Re:Love the space program (0)

Anonymous Coward | more than 4 years ago | (#30741866)

I wish we took 50% of the money given to the military and put it into space. We would be at Jupiter right now.

Or there would be 50% more dead space junk on jupiter now

Well that is still a whole hell of a lot more scientific data than one gets from a war.

While you might enjoy that money going to killing, some of us still do prefer money going to bettering ourselves as a race.

Though with the goal of death, I can see why you wouldn't like that happening either.

And speaking German, Russian, or Chinese... (0)

Anonymous Coward | more than 4 years ago | (#30739058)

And speaking German, Russian, or Chinese...perhaps a better source of money for it would be the nanny state.

Re:Love the space program (2, Funny)

Anonymous Coward | more than 4 years ago | (#30739100)

I wish we took 50% of the money given to the military and put it into space. We would be at Jupiter right now.

TERRORIST!

Re:Love the space program (1)

codewarren (927270) | more than 4 years ago | (#30739324)

Yikes, money in space is dangerous... especially coins.

Re:Love the space program (0, Offtopic)

sexconker (1179573) | more than 4 years ago | (#30740354)

Yikes, money in space is dangerous... especially coins.

http://mythbustersresults.com/episode4 [mythbustersresults.com]
Come on guys. Episode FOUR.

BEFORE:
The shitty, forced "acting"
The annoying junior crew took up 60% of the show
The "hurr, durr, hurr durr, derp derp derp let's blow something up" mentality
Adam's non-stop "look at me, I'm gaaaaaaay with this walrus!" antics
The "we saw this on youtube so we're gonna do it too" "myths"
The "Hey, if you like our show and want more, go watch this 20 second clip on the site! Yes, this little segment telling you to go to the site is in fact 30 seconds long!" shit

We don't even need to get into the whole "wouldn't fall to the Earth anyway, would burn in atmosphere if it did, would likely hit water, etc." stuff.

Re:Love the space program (1)

codewarren (927270) | more than 4 years ago | (#30740874)

I didn't say "dangerous to Earth". Astronauts in the shuttle and the ISS don't have an atmosphere to protect them from a few grams stamped with "In God We Trust" screaming at them at 15,000 miles per hour.

Re:Love the space program (1)

icebrain (944107) | more than 4 years ago | (#30741090)

Reading comprehension FAIL.

It's pretty obvious from the GP's post that he is referring to the concept of, for lack of a better term, "space junk [wikipedia.org] ". Or in this particular example, coins whizzing about in low orbit at a liesurely 17,000 mph. Even small things like marble-sized debris can put a world of hurt on any contemporary spacecraft; stuff the size of a grain of sand could kill somebody in a spacesuit. Look up how many times NASA has had to move the shuttle due to the threat of space debris. Tracking all these little bits is a full-time job for a bunch of people.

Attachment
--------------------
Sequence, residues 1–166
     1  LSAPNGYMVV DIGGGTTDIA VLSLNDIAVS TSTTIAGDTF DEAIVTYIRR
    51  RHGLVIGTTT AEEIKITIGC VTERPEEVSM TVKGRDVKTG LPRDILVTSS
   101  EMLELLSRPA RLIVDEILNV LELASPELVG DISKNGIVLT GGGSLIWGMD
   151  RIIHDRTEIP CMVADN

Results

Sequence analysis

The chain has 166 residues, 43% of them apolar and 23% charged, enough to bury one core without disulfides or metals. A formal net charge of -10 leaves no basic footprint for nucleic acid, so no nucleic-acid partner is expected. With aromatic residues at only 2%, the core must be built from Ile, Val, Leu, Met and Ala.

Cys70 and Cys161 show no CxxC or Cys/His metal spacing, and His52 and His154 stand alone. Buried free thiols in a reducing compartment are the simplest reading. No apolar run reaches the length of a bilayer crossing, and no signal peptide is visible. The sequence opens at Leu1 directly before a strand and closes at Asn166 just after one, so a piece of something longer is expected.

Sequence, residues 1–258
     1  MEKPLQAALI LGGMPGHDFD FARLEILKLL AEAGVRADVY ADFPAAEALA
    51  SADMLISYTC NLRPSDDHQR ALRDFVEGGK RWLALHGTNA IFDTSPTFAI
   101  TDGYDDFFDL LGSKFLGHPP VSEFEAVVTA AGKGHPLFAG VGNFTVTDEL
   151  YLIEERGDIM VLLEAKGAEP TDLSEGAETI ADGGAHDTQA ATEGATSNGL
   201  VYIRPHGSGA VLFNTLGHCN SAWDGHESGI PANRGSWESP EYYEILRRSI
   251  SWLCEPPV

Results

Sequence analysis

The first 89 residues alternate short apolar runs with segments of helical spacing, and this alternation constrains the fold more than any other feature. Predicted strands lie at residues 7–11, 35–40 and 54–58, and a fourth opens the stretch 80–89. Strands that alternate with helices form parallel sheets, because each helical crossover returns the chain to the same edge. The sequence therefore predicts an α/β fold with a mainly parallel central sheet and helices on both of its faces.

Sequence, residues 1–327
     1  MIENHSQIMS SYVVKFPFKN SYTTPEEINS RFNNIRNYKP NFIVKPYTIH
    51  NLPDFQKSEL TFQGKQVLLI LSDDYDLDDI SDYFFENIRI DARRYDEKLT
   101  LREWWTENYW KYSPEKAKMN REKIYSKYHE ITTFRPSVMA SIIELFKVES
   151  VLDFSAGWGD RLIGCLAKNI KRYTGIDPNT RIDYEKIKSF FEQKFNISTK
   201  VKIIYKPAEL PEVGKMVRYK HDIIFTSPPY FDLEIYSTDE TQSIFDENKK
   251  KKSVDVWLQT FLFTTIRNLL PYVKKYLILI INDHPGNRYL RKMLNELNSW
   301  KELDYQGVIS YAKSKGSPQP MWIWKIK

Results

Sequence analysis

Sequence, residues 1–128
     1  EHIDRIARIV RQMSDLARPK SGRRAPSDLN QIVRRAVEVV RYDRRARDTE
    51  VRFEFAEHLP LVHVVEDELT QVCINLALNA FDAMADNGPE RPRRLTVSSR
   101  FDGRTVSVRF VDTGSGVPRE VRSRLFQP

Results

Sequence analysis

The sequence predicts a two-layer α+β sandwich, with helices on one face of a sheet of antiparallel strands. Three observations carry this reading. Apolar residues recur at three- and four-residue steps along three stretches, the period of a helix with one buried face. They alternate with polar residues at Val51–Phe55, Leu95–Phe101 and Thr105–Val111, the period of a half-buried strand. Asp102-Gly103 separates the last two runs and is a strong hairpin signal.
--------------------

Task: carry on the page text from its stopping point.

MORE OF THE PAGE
None of this has anything to do with coins falling off a skyscraper. And I can't believe I just fed the troll.

Re:Love the space program (0, Offtopic)

sexconker (1179573) | more than 4 years ago | (#30741508)

WHOOOOOOOOOOOOOSH

Re:Love the space program (5, Funny)

Monkeedude1212 (1560403) | more than 4 years ago | (#30739346)

I don't see how a rocket with a payload of nothing but dollar bills is going to get us any closer to Jupiter.

Re:Love the space program (4, Insightful)

Speare (84249) | more than 4 years ago | (#30740072)

I don't see how a rocket with a payload of nothing but dollar bills is going to get us any closer to Jupiter.

To be fair, sending C-130s with payloads of nothing but dollar bills [guardian.co.uk] didn't do more for success in Iraq, either.

Re:Love the space program (1)

Eponymous Bastard (1143615) | more than 4 years ago | (#30740206)

Have you seen how much aliens are charging for a ride nowadays???

Re:Love the space program (1)

Hatta (162192) | more than 4 years ago | (#30740318)

Easy. Declare finders keepers. First person to retrieve the half trillion from Jupiter gets to keep it.

Re:Love the space program (1)

pckl300 (1525891) | more than 4 years ago | (#30740430)

I don't see how a rocket with a payload of nothing but dollar bills is going to get us any closer to Jupiter.

It wont. The Great Noodly Appendage will be displeased with our offerings of wealth and will send our ships to their Jovian demise.

Re:Love the space program (1)

dgatwood (11270) | more than 4 years ago | (#30741008)

I don't see how a rocket with a payload of nothing but dollar bills is going to get us any closer to Jupiter.

It will still be more effective than spending it on millimeter wave scanners, banks, and U.S. car companies.

Re:Love the space program (2, Interesting)

lopgok (871111) | more than 4 years ago | (#30739406)

Actually, if we would have funded Project Orion, we would have gone to Saturn in the early 1960's. See http://www.ted.com/talks/george_dyson_on_project_orion.html [ted.com] among other references.

Re:Love the space program (1)

cynvision (1032426) | more than 4 years ago | (#30740736)

What strikes me is maybe how many more sick and injured (or dead) astronauts we'd have had. Science learned a lot about the effects of microgravity and radiation on human health puttering in orbit here.

Re:Love the space program (0)

Anonymous Coward | more than 4 years ago | (#30739426)

...and speaking German, Japanese, Chinese or otherwise hailing our new foreign overlords.

Re:Love the space program (1)

Wyatt Earp (1029) | more than 4 years ago | (#30739528)

No, in the US at least, Congress would have taken the majority of the money and thrown it towards welfare programs. Which is what they did that cut Apollo and limited the Manned Orbital Laboratory and limited the Shuttle, and cut all sorts of other NASA plans.